Video games, at the best, are more than just time sinks. They are a way to stimulate my imagination. Would my time have been better spent reading or writing rather than playing these games? Yes, undoubtedly. But I can’t say they haven’t been a significant part of my life. That’s what this list is for, not the list of the best games but games that represented something to me, that occupied a lot of time or taught me something. Yes, you can learn things from video games. Let’s begin.
Most significant games, in less-significant order:
10. Ogre Battle – This is an odd one. I played it on NES and then bought it on Playstation but it wasn’t the same or I wasn’t. At the time, the mix of real-time strategy (you’d send your units off on the main map to explore or capture points, then go into a turn-based brawl if and when you ran into an enemy unit) and turn-based party fight was unique. It added in pseudo tarot cards that could give your team a buff or damage opponents and the cards you earned were randomized and permanently expended when used. But what really hooked me was the leveling system. Your base characters were pretty weak but they could level up and specialize. An Amazon archer could become an angel eventually or a Valkerie, raining down lightning. I’m a sucker for character development. Special mention also for the world map in the game. I always thought it would be a great setting for a fantasy novel and the map really helped sell that.
9. Age of Empires – I could have chosen a number of real-time strategy games, I played a lot of the: Command and Conquer, Dune, Warcraft 2. But Age of Empires was not only one of the best games Microsoft ever made, mechanically, it was also at least somewhat historically accurate. The Egyptians, the Hitties, the Babylonians were all fielding units that their historical culture favored. Be it Egyptian archers and charioteers or what have you. The architecture also had nods towards archaeologically accurate structure. As a history buff, it was like finding little Easter eggs when the game referenced dead cultures correctly. It really added something and made me want to read more, outside of the game.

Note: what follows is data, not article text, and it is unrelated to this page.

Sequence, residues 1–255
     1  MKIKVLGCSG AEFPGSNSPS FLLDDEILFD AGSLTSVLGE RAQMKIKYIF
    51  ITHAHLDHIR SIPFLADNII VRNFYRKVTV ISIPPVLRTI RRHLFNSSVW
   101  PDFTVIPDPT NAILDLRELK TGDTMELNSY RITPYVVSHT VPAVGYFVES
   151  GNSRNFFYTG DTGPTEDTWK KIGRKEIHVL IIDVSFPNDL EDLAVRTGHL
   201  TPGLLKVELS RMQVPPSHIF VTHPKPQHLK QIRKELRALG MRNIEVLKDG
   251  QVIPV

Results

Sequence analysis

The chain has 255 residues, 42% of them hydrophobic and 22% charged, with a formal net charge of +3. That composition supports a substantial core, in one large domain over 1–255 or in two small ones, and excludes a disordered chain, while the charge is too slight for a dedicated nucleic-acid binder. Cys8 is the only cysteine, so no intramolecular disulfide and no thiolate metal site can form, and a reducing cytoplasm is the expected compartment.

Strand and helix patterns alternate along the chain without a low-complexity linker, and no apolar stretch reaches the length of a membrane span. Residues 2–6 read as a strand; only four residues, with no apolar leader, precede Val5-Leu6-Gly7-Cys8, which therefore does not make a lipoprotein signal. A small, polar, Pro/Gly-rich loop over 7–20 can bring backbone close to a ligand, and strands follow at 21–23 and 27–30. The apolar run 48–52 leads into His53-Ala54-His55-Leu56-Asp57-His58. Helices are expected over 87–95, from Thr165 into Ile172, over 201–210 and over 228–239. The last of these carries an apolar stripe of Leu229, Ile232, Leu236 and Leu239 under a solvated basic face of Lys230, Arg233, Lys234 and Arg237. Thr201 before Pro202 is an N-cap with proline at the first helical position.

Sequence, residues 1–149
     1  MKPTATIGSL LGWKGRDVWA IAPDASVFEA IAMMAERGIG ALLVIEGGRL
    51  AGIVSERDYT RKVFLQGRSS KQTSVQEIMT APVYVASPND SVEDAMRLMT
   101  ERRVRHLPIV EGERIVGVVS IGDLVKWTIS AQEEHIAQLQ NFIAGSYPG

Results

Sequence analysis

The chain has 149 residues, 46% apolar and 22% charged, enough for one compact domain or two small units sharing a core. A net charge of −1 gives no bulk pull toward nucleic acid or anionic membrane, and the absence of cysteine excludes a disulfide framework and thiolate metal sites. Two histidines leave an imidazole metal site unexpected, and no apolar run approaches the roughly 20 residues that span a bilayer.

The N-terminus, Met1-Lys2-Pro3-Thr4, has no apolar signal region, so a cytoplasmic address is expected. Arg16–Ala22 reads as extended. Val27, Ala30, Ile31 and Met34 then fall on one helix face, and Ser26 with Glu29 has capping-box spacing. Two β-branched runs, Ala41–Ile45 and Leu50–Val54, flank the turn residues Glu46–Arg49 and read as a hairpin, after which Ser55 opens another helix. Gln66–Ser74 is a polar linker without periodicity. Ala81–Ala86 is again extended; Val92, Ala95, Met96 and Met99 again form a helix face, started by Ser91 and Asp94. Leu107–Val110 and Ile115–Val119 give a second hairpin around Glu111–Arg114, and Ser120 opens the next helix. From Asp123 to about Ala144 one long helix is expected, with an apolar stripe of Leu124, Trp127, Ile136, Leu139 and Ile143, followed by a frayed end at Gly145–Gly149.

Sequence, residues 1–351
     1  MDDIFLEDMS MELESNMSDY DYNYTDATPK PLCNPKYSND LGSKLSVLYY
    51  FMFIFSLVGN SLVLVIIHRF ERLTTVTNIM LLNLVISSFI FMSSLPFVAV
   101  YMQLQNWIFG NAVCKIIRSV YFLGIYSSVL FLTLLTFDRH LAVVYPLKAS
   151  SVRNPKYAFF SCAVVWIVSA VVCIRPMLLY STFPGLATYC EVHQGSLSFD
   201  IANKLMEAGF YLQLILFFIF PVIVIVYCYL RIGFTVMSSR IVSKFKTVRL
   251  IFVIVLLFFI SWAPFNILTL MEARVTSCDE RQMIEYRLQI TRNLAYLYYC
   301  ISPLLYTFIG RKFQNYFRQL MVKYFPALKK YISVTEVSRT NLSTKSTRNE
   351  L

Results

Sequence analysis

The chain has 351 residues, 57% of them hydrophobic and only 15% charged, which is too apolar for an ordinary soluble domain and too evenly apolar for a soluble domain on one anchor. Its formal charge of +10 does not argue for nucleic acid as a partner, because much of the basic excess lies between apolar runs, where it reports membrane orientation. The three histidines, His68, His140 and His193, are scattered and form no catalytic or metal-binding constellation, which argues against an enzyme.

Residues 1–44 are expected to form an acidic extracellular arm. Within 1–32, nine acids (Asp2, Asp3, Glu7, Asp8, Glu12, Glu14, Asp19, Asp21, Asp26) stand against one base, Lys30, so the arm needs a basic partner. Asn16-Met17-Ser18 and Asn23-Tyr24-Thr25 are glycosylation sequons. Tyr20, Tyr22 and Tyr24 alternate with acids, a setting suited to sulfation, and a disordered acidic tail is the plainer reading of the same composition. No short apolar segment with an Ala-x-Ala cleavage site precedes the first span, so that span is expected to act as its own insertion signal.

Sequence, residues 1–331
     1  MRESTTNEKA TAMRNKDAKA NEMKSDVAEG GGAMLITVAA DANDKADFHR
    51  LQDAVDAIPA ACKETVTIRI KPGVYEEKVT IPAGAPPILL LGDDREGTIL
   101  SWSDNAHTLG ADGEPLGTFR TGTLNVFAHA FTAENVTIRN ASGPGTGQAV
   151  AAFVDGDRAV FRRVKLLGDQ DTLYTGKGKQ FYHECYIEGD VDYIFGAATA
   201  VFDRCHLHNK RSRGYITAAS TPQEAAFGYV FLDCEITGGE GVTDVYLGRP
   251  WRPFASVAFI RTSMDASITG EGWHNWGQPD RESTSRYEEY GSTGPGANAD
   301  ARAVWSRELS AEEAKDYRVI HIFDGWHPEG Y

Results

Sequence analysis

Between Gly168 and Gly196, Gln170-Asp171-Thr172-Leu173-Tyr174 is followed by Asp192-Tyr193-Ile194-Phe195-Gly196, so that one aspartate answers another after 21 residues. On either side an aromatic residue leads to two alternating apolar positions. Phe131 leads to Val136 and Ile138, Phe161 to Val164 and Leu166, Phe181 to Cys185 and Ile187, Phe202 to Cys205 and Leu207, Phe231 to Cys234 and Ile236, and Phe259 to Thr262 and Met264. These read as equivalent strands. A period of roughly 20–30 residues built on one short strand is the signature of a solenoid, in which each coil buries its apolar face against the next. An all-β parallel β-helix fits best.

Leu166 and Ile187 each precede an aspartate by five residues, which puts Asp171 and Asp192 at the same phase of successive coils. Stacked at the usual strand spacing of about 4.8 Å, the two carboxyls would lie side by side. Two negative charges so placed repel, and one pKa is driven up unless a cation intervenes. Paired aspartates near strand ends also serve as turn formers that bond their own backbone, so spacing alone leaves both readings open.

8. Call of Duty 2 – I like shooters. This was one of the best. Unlike many of the later incarnations, you weren’t as restricted in what routes you could take and enemies didn’t spawn infinitely. There was a finite number of bad guys and if you killed them all, you won. The game also made if feel like you were fighting alongside other soldiers, they’d fight with you, and actually help without getting in the way. There was a sense of accomplishment in keeping as much of your friends alive as possible. And cleaning out the tank factory by finding a good sniping spot inside an oil pipeline was awesome. Real guns and some real tactics. I still like shooters today, Borderlands 2 has devoured a lot of my time, but I have fondest memories for fighting fictionally alongside the Greatest Generation.
7. Streetfighter 2 – This was the game me and my friends played in college. After classes, two or more of us would be in front of the TV, playing. With varying degrees of success. Chun Li was a favorite for ease and deadliness of her kicks while Guile won with style points. It’s not the only fighter on the list but it was the one I was most in sync with. I was accused of witchcraft powers over this game. Which I deny. I was just….in tune with it. In fact, I once beat one of my fellow friends one-handed. I played Guile, moved with one thumb and used my pinkie to heavy kick. Won three games in a row. I don’t know about witchcraft but it was sure magic.
6. Dawn of War – The Warhammer 40,000 series is ridiculous. Let’s get that out of the way. No matter how much Dan Abnett humanized the world and characters in his Gaunt’s Ghosts series, the dark and grim world of orcs, elves and surgically-modified Space Marines in powered armor is pretty silly. But this game, oh this game is solid. It not only captures the flavor of the world, it mechanically is different from the other real-time strategy games of the time. You seized control points to gain resources to call in reinforcements rather than just cranking out workers and mining or harvesting. The focus was on the squads taking and holding terrain. And there was something very cool about two squads of Space Marines, both with Sergeants and with Apothecaries attached, buffed up with two Heavy Bolters and Two Rocket Launchers. I’d take that up against any force in the game.